Select a Topic<br />Read your assignment carefully!<br />Ask for clarification from professor <br />Talk over your ideas with someone<br />Scan academic journals<br />Read professional blogs and listservs<br />Look for Research Agendas on professional association websites<br />Focus your topic<br />
Search the Literature<br />Types of sources that can be included:<br />Books, Articles, Abstracts, Reviews, Dissertations and theses, Research reports, Websites, Films, Etc.<br />Identify the most important / useful databases for your discipline<br />Develop an understanding of the academic terminology for your field of study<br />Determine time frame<br />
Look for empirical and theoretical literature<br />Include primary and secondary sources<br />Identify classic or seminal studies <br />Identify important authors who are contributing to the development of your topic<br />Use a system to organize and manage material<br />From the very beginning<br />RefWorks or other bibliographic management software<br /> Search the Literature<br />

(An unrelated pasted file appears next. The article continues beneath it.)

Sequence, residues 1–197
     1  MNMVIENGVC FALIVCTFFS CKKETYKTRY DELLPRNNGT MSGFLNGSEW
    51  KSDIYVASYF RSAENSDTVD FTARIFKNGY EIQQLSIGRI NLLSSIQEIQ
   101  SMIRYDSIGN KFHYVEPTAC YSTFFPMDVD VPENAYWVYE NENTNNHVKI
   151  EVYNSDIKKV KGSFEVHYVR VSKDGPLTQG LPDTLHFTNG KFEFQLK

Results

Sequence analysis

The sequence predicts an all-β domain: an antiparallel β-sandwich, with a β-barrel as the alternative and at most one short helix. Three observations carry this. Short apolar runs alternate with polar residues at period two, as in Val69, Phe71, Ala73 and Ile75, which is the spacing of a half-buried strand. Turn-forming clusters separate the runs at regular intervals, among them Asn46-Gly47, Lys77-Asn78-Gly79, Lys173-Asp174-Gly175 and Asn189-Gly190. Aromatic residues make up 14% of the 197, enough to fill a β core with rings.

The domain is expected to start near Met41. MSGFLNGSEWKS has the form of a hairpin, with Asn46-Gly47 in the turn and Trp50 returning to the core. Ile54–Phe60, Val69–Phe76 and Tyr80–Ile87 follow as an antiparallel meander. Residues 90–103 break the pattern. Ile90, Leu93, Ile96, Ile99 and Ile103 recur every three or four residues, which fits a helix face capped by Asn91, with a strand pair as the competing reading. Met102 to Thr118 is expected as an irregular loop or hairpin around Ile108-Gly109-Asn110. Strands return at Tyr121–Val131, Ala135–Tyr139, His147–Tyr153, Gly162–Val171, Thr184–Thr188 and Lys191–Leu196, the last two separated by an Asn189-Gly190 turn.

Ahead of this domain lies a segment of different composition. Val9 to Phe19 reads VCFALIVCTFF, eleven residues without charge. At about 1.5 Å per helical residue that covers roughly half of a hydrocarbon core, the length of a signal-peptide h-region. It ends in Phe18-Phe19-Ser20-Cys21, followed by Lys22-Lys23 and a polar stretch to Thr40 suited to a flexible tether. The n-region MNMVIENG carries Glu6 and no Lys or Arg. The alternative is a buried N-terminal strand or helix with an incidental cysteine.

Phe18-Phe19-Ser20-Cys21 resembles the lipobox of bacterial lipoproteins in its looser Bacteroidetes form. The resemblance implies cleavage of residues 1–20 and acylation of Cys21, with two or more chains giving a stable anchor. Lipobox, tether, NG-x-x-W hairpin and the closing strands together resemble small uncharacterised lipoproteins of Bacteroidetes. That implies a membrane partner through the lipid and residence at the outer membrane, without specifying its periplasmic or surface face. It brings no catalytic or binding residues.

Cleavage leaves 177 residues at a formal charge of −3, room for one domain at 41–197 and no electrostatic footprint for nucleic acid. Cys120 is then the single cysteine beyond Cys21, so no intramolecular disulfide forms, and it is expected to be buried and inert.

Develop your Argument<br />This step is a planning step – you will develop these arguments in the next two steps: surveying and critiquing the literature<br />“you must build a case for what is known about your topic and determine how this knowledge addresses the research question.” – Machi and McEvoy, 2009<br />Develop two types of arguments:<br />Argument of discovery – develop findings that present the current state of knowledge about your research interest<br />Argument of advocacy – analyze and critique the knowledge gained from developing the argument of discovery to answer the research question<br />